You can also find some budget-friendly studio apartments here. The public transport links in Chiado are fantastic, making it easier to travel across the city. This neighbourhood is perfect for people who do not have a car.
Read our guide about how to buy a house in Portugal.
Famous for its nightlife, Bairro Alto is the place for you if you want to party. The central area of this neighbourhood comes to life as night falls with various bars and restaurants opening up in anticipation of the night ahead.
There is a festive, fun vibe in the air as people sit around in these bars drinking beer, eating delicious food, and hanging out with friends late into the night. During daytime, Bairro Alto is much quieter, but there are some quaint shops and narrow cobbled streets that are worth exploring.
After spending the night dancing in Lisbon’s best clubs, you can spend the day relaxing in the quiet streets. Elegant boutique hotels full of character and style offer a luxurious respite and great value for money away from the lively nightlife of the city.
Transport is a bit tricky in this neighbourhood as streets are narrow, uphill, and old. But you can find buses at the nearby Principe Real. Walking is the only way to enjoy the city but if you choose to stay in Bairro Alto, make sure that you are fit to take on the steps and slopes – if not, you can always find a taxi.
The oldest neighbourhood in Lisbon, Alfama, means hot fountains. Alfama is home to some of the most iconic tourist attractions such as the 12th century Se Cathedral and the St. George’s Castle.
It is also the birthplace of the authentic and distinctive Portuguese music genre Fado. The genre started way back in 1820 and is now played in restaurants and bars all over Lisbon.
Houses and apartments
In Alfama, you will find a spirit of local community and the charm and soul often associated with small towns. There are many renovated homes with wonderful views of the river which can be rented at bargain prices. These luxury accommodations are great for a short stay due to their central location and the best views the city has to offer.
However, this neighbourhood has narrow medieval streets that are often impenetrable by cars. Many buildings are in need of repair while parking space is non-existent. There are no elevators in these buildings, and the apartments are small.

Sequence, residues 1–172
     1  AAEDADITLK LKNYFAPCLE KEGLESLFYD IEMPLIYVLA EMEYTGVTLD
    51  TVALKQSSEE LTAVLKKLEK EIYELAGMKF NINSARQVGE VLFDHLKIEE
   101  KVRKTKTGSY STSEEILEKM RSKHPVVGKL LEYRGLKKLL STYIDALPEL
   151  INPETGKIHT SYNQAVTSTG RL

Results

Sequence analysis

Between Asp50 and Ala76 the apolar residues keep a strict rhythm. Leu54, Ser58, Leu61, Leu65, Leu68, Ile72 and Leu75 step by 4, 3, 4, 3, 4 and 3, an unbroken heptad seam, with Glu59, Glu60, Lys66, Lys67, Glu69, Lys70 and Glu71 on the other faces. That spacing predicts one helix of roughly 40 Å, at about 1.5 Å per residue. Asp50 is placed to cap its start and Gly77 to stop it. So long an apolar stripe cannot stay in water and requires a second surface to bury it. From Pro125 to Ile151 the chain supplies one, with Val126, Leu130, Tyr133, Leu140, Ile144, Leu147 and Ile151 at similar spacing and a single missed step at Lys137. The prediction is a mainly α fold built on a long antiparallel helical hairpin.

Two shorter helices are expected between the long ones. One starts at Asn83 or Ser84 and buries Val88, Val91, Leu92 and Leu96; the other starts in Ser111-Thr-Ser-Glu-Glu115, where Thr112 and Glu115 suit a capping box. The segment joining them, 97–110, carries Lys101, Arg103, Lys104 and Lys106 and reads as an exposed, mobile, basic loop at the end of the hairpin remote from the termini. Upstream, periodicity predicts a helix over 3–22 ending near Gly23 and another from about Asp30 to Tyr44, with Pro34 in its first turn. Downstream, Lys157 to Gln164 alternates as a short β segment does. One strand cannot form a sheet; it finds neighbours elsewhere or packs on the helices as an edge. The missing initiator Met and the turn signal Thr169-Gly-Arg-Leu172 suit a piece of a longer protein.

The neighbourhood of Avenida da Liberdade is an upscale district where you will find some very expensive property along a mile-long strip. If you are looking for historic luxury hotels alongside designer boutiques and embassies, then this is the neighbourhood for you. Many top attractions are just a short walk away, or you can try the convenient metro that is right at your doorstep.
Transportation links are great, but apartments can be a bit expensive in this area. However, in the evening, you can visit the bars along the central boulevard or listen to the buskers as they strum into the night to relax after a day spent sightseeing.
Best neighbourhoods for students?
Various neighbourhoods are popular among students because they are much affordable and are closer to universities. They are:
Along the neighbourhood of Avenida Almirante Reis, this residential, working-class area is very popular among students due to its affordable residential buildings, central location, and great transport connectivity.
Part of the Avenidas Nova Freguesia, Sao Sebastião, has convenient public transport connections to the main universities of the city. In this area, you will find a student living in almost every building. Some places like the Bairro Azul is completely occupied by students.
Is it expensive to buy a house?
Certainly, buying a property in Portugal can be a great investment. Happily, there are no restrictions on foreigners buying properties in the country and you may even be eligible for a ‘golden visa’ if you buy a property that is over €500,000, giving you residency for five years.
According to Instituto Nacional de Estatísticas (INE), Lisboa registered the highest average price in the country, reaching € 2,581 m², an increase of 20.4%.
Other cheaper cities are Cascais (€ 2.004 / m²), Sintra, Amadora (+ 13%) and Estoril. In Moita, 40 km from the centre of Lisbon, the cost of a property is € 617 m².
Is it expensive to rent a house?
Renting a house in Portugal is an economical option. With the average rent being about 46% higher in the UK than in Portugal, you could be making a serious saving whilst enjoying a much sunnier climate.
To give you some idea of how rent prices compare, a one-bedroom flat in the centre of Lisbon costs just €670 per month, while a similar property in London would set you back more than double this price.
Read more about the cost of living in Portugal.